The most expensive neighborhood is Summit Hill, which overlooks the river and downtown and overflows with turn-of-the-century architecture, Victorian-style mansions and lush, styled yards. The cheapest neighborhoods are more concrete and less trees – and tend toward more crime and COPS-esque outside-the-front-door drama. The good news is, most of Saint Paul is between these extremes, often comfortably so.
Saint Paul abuts Minneapolis (the largest city in Minnesota), and the two cities are connected by Interstate Highway 94, which is great to drive on as long as it’s not between 7:30 – 9:00am or 4:00-6:30pm. The span of 94 between the two cities during rush hour is a bear, and cross-Twin commuters can plan to spend 30-50 minutes making a drive that usually takes 15. Travel east on 94 from Saint Paul, and you’ll head into beautiful downtown Hudson, WI in about 25 minutes.
If you’re going North or South, you’ll take 35E, which usually moves fairly quickly. On the south side of the city, 35E slows to a 45 MPH zone for a few miles, which – though it is brief – can be annoying.
Public transportation in Saint Paul leaves much to be desired, unfortunately. The busses run every 15-30 minutes (depending on the time of day) on all major streets, and are definitely possible to get around on, but you do have to plan your day around it. If you’re commuting to Minneapolis from Saint Paul, plan a 1½ - 2 hour bus ride (yikes!). Most public-transit commuters tend to bike when possible; despite the cold weather, the Twin Cities have a surprisingly large and loyal contingent of cyclists. Saint Paul, however, is a fairly hilly city, which does make commuting in and out of downtown somewhat challenging for bicycle commuters.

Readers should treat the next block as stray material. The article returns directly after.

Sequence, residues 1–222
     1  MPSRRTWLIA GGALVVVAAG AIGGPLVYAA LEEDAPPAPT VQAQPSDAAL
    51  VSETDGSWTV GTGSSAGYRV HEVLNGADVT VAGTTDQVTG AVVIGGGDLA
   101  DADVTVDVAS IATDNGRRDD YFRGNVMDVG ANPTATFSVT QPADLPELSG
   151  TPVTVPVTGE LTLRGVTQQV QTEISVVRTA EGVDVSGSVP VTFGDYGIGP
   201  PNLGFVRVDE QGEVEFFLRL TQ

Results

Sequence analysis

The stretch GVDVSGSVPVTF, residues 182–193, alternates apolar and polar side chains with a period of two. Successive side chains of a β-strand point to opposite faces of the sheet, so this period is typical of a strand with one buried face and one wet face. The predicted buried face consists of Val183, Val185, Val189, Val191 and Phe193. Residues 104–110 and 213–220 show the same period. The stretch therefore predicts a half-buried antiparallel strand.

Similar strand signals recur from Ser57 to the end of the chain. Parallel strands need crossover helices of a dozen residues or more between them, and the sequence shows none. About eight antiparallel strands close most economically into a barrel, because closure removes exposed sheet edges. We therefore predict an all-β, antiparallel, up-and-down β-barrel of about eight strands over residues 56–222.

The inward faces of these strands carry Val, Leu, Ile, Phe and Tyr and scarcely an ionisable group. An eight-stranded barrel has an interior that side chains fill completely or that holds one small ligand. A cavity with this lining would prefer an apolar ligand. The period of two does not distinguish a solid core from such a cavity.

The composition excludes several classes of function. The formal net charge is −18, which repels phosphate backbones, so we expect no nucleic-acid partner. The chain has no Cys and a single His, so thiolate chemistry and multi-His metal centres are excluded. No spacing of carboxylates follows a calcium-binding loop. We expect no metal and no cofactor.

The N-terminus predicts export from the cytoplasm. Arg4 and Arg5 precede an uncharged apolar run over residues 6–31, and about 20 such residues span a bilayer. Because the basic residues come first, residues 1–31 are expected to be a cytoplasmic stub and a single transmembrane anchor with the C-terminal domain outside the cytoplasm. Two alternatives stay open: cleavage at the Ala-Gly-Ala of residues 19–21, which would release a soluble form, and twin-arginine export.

City streets aren’t often very congested, however, and are quick-to-learn and easy to navigate for new Saint Paulian drivers. Almost everyone who lives in Saint Paul drives – and most families have multiple cars. Fortunately, free parking is everywhere – and if you do have to pay, chances are you won’t have to pay much.
The best thing to do when looking for an apartment in Saint Paul is shop around – look at lots of different kinds of places… lofts, duplexes, 4 or 6-unit brownstones, single-family homes, in as many neighborhoods as possible. It’s common to stumble upon an affordable gem in Saint Paul, so keep an eye on Craigslist and go on lots of showings.
Free parking is common, so isn’t that great of a perk in Saint Paul. If the apartment you’re looking at doesn’t have laundry on-site, keep looking. Chances are you can find something in your price range with laundry on-site, sometimes even for free.
Spend time scouting out the immediate neighborhood around your apartment – eat at a restaurant, sit on a barstool, talk to the neighbors. Good neighborhoods in a reasonable price range to start with are Cathedral Hill, Highland Park, Como and Phalen.
There’s ALWAYS something going on in Saint Paul. If you need help, pick up a City Pages in pretty much any public place, and scour for the week’s events.
MUSIC – Live music is a daily staple in Saint Paul. Check out the Turf Club or Big V’s in the Midway any night of the week – both are regular Twin Cities hangouts for great local music and rock bands from around the country. If jazz is more your style, head down to the Artists’ Quarter in downtown Saint Paul for live jazz every night featuring phenomenal local musicians. Keep your eye on their calendar for the occasional open mic night as well for some spoken word. Or, if you prefer the classics, the Saint Paul Chamber Orchestra is the only full-time professional chamber orchestra in the country. Saint Paul is also the home of The Current 89.3 – a division of Minnesota Public Radio that broadcasts indie and local music with no commercials.